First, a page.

Bankrupt Moral Capital

I see that yesterday’s Observer carried a piece by Richard Harries (ex-Bishop of Oxford, and now Lord Harries of Pentregarth) defending his friend, Richard Dawkins, against those who claim that morality is not possible without religion. He summarises some of the arguments that Dawkins has given to state that it is possible to be moral without God. Naturally, Harries, as a believer, then makes the sideways move of stating that:
…all of us, whatever we believe or do not believe, have been created in the image of God and this means we have an ability not only to think, but to have some insight into what is right and what is wrong.
A case of "heads I win, tails you lose", it seems to me.
But then he goes on to use another argument that I had not come across before (I lead a sheltered life): the argument of moral capital. He says:
First, many people who have strong moral commitments without any religious foundation were shaped by parents or grandparents for whom morality and religion were fundamentally bound up. Moreover, many of those in the forefront of progressive political change, who have abandoned religion, have been driven by a humanism that has been essentially built up by our Christian heritage as Charles Taylor has recently brought out in his magisterial study, A Secular Age. How far are we living on moral capital?
This does strike me as a rather shaky proposition. I am reminded of a somewhat similar argument used by those who are not in favour of same-sex marriage, because it will destroy traditional marriage. It’s as though they think there is only a fixed amount of love to go round… Moral capital seems to be an equally dubious idea. The philosopher Stephen Law examines the concept further here and here, and comes to the conclusion that:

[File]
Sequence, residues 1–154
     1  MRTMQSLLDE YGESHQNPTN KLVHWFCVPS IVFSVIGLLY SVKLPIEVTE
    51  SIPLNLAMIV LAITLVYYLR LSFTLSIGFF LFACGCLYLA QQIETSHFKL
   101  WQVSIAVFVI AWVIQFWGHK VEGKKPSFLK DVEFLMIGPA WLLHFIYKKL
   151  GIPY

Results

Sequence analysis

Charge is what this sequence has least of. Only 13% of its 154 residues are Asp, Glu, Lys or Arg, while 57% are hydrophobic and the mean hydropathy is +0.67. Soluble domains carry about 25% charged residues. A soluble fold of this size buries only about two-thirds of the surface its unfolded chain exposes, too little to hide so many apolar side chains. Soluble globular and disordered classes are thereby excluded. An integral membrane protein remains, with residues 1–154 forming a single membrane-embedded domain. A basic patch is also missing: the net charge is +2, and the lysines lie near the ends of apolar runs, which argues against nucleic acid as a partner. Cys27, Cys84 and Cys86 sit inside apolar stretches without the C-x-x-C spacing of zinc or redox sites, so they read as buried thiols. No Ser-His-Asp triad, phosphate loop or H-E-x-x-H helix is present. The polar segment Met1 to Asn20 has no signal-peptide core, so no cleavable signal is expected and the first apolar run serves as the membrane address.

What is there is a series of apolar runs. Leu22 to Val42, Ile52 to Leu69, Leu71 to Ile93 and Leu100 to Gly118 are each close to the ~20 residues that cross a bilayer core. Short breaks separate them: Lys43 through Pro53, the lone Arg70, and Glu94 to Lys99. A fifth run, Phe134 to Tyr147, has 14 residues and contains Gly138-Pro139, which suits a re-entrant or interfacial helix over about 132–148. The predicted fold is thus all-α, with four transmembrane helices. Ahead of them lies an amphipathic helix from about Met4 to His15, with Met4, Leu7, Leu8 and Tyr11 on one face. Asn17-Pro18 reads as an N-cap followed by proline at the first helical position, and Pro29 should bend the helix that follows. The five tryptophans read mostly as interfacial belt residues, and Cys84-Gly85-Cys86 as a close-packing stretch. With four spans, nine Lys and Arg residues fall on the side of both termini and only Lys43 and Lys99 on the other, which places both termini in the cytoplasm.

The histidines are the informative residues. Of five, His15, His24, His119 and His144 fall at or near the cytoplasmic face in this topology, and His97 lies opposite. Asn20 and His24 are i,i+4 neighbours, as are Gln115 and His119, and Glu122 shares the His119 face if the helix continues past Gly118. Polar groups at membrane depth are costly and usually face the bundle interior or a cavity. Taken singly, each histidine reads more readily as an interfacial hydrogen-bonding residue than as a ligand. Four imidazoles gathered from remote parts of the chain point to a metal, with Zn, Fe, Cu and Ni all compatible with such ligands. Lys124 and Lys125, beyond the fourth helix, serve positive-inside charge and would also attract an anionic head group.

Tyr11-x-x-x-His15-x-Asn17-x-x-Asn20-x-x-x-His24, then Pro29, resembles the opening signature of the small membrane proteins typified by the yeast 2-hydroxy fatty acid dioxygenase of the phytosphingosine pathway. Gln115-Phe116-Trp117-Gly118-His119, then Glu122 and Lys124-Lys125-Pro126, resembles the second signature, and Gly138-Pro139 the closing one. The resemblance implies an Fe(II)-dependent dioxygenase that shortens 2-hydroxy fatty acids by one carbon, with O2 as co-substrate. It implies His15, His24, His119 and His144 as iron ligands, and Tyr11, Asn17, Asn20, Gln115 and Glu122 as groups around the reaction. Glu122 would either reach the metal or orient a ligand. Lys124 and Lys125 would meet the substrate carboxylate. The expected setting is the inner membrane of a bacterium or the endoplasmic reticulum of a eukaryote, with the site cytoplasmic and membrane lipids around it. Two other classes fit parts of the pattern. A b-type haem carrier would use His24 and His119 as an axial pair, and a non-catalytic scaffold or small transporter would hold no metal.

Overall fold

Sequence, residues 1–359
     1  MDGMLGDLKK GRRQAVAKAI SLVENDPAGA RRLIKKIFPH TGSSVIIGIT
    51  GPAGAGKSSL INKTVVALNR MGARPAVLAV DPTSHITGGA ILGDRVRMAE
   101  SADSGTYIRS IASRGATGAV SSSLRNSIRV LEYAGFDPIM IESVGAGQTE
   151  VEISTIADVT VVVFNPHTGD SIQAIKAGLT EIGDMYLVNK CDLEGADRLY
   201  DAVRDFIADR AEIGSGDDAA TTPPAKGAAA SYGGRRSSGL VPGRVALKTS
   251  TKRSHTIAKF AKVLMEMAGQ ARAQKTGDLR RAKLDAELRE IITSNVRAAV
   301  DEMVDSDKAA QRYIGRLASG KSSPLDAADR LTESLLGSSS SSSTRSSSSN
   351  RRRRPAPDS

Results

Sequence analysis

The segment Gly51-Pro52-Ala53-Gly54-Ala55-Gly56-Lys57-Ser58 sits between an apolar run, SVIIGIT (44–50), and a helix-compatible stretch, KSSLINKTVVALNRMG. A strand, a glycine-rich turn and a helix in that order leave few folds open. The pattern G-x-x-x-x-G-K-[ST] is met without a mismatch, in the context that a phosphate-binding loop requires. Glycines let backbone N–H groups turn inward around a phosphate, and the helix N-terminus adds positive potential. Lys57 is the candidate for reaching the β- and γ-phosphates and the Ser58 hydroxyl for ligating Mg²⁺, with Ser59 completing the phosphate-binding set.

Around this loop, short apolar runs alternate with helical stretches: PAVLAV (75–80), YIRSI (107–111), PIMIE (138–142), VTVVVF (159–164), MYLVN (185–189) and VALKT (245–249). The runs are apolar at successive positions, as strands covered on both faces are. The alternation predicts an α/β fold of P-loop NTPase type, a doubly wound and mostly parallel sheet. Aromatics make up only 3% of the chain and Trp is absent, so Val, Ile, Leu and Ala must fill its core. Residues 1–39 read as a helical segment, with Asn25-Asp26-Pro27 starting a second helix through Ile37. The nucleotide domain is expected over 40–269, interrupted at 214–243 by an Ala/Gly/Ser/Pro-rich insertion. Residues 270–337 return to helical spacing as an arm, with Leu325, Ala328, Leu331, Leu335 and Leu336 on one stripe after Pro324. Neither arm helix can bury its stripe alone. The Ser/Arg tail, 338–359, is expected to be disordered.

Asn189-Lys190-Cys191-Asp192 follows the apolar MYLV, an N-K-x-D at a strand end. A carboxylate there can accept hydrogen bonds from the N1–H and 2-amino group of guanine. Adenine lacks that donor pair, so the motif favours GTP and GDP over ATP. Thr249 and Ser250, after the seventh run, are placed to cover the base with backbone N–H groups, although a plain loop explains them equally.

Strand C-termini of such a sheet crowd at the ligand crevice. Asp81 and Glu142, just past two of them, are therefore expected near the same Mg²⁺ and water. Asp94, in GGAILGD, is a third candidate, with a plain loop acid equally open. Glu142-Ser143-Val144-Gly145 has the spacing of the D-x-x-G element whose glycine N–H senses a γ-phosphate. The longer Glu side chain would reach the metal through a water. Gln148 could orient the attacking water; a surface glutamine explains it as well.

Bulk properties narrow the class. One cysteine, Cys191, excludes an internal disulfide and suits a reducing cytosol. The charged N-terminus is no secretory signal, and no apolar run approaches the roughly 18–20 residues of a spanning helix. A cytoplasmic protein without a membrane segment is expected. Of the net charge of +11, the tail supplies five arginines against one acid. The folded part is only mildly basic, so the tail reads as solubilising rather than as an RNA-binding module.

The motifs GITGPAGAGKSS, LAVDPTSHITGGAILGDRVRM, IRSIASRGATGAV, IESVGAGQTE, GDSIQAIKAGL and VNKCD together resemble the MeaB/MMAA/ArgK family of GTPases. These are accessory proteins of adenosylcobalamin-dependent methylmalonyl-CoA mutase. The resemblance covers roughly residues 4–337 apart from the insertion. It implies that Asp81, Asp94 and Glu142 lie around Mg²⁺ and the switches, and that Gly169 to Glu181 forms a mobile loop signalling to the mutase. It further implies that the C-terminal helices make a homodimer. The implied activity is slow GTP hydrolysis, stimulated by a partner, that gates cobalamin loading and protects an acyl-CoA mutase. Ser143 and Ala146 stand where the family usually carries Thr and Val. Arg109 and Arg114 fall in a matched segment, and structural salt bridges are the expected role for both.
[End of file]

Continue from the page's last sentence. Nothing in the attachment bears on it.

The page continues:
…the most serious difficulty with this move is that it’s simply unjustified. Why suppose all these ethically committed atheists are living off the religious capital built up by previous generations, and that this capital must inevitably run out, with disastrous consequences? What’s the evidence for this claim? We are offered none. Except of course for some vague hand-waving in the direction of the moral malaise. But as it’s precisely the moral malaise argument that morality can’t be sustained without religion that this “religious capital” claim is supposed to salvage, the moral malaise argument can’t then be used to support the religious capital claim. That would be circular reasoning.  

About Geoff Coupe

I'm a British citizen, although I have lived and worked in the Netherlands since 1983. I came here on a three year assignment, but fell in love with the country, and one Dutchman in particular, and so have stayed here ever since. On the 13th December 2006 I also became a Dutch citizen.
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2 Responses to Bankrupt Moral Capital

  1. Gelert says:

    My personal take, and one I’ve discussed with other believers who, not knowing me, immediately took it to mean I must be an atheist is this:  That ‘morality’ does not need God. It needs only early human societies that relied on each member for its survival. Any behaviour which threatened harmony, or food, or safety, or caused discord, and therefore threatened the well being of the group would be censured, leading to certain ‘good’ behaviours being accepted and ‘bad’ behaviours being discouraged. All you need for ‘morals’ to develop. Right?

  2. Geoff says:

    Right. Now, you will get some folks claiming that this doesn’t explain how morality extends to outside the group. E.g., in crude terms, whilst the Vikings may have had a moral code within their group, it didn’t extend to other groups, which they quite happily murdered, raped and pillaged… So I think that moral codes do certainly develop, and now can encompass the "other", but I still don’t believe that it needs God, or even necessarily religion per se.

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